New York–Doors opened when Indianapolis’ Josh Kaufman, who had been playing guitar in Potbelly sandwich shop on Monument Circle, took the top prize on NBC’s “The Voice.” One unexpected offer was an invitation to take over the title role in the Broadway revival of the musical “Pippin.” I caught up with him backstage, just a week into his run with the Tony-winning revival (the show closes in January).
IBJ: For most first-timers on Broadway, this is the largest audience they’ve ever played for. You’re coming from a completely different situation, with millions watching you on TV. Does it feel different?
KAUFMAN: I was more nervous with “The Voice” stuff, because, regardless of how the show went the first night here, I was going to be back the next night.
IBJ: On Broadway, you already won.
KAUFMAN: Exactly. Here, there’s a lot more memorization but almost a month to get ready. On “The Voice,” you finish up one week and you start getting ready for the next. There were definitely some nerves on the first night in “Pippin,” but it was a different feeling.
IBJ: The biggest surprise?
KAUFMAN: How demanding it is. How physically taxing a role it is. There’s so much movement—climbing, jumping, falling—so much energy there the whole time. Pippin throws himself into everything 100 percent, trying all these things to find fulfillment.
IBJ: How did you get the gig?
KAUFMAN: I was on “The Voice” tour over the summer and the guy who runs my website said he got a contact about a Broadway show. He said it seemed real. They flew me in for some work sessions and offered me the job.
IBJ: Any history with musical theater?
KAUFMAN: In school. And in a place that people don’t often think of where I had a lot of exposure growing up: in church doing musicals and things like that … obviously not on this scale. It’s something I’ve always enjoyed and had an interest in, but, you know, you just pick what avenues you go down.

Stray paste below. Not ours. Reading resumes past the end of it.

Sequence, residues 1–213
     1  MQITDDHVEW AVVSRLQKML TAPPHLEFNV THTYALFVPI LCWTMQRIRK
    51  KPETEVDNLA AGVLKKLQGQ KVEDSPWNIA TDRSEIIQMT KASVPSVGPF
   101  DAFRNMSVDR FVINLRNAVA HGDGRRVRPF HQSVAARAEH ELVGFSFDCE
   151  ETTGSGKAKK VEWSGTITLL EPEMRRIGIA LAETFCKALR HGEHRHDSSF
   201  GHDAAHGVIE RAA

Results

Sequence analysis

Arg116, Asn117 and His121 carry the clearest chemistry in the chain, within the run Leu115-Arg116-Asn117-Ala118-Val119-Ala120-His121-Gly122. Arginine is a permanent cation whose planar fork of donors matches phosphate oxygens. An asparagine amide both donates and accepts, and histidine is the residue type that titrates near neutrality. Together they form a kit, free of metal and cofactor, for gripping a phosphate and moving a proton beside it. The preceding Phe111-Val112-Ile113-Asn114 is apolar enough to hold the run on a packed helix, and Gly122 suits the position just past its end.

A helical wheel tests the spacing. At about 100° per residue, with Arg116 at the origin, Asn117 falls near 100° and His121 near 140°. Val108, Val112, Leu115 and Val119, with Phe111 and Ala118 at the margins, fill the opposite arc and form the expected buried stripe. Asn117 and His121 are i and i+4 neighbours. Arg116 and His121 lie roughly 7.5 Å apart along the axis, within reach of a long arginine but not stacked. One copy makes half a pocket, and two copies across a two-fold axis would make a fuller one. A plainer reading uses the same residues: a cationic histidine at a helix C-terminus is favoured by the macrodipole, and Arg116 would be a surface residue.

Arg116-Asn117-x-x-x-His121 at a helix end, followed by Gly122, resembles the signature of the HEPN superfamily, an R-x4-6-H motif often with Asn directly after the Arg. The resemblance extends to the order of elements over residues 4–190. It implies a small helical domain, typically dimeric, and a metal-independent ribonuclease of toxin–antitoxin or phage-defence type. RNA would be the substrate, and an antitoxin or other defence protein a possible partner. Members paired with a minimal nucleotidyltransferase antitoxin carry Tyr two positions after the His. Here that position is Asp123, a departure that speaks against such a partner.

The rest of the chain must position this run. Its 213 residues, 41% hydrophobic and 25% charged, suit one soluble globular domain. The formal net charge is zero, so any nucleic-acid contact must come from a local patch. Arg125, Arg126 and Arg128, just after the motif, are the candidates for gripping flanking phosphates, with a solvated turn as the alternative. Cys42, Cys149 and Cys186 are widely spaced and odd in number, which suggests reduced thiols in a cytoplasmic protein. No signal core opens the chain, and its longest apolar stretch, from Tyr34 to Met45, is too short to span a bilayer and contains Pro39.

IBJ: What do you think would have happened if, two years ago, you auditioned for “Pippin” at [Booth Tarkington] Civic Theatre?
KAUFMAN: I have no idea.
IBJ: So what happened from “Yes, I’ll do it” to opening night?
KAUFMAN: They set me up with a couple weeks of dance instruction and working with a gymnastics place. I worked on the dance, the physicality—climbing poles, tumbling. I watched the show almost every night for 3-1/2 weeks and did a lot of studio work just reading or running lines with one of the stage managers or the understudies and working with the guy in charge of choreography.
IBJ: What about working with the principal actors?
KAUFMAN: Not until a couple of days before we opened. We did some scene work. I did the main work with them in the put-in—the day I actually went into the show.
IBJ: And the aches and pains?
KAUFMAN: My shoulder. And a little in my knees and ankles. There’s a lot of absorbing there, especially in the back flip coming down off the trapeze.
IBJ: Is your approach to the music different?
KAUFMAN: When I sing jazz, I lighten it up and add a little air to it. When I sing soul music or rock, I add a little grit to it and push a little more. I was told I could do different things melodically, but this is a cleaner sound. And there’s the acting element. Sometimes, it’s more about delivering a line almost in a spoken way.
IBJ: When was the last time you were clean-shaven?
KAUFMAN: Maybe a couple of years ago. It wouldn’t have been something I would have chosen to do. But I don’t mind. I’m used to it now. If it was even just a tie—if I liked having a beard as much as I didn’t—I’d go with the beard. I just hate shaving so much.
IBJ: Have you heard The Jackson 5 version of [the “Pippin” song] “Corner of the Sky”?
KAUFMAN: The what?•
This column appears weekly. Send information on upcoming arts and entertainment events to firstname.lastname@example.org.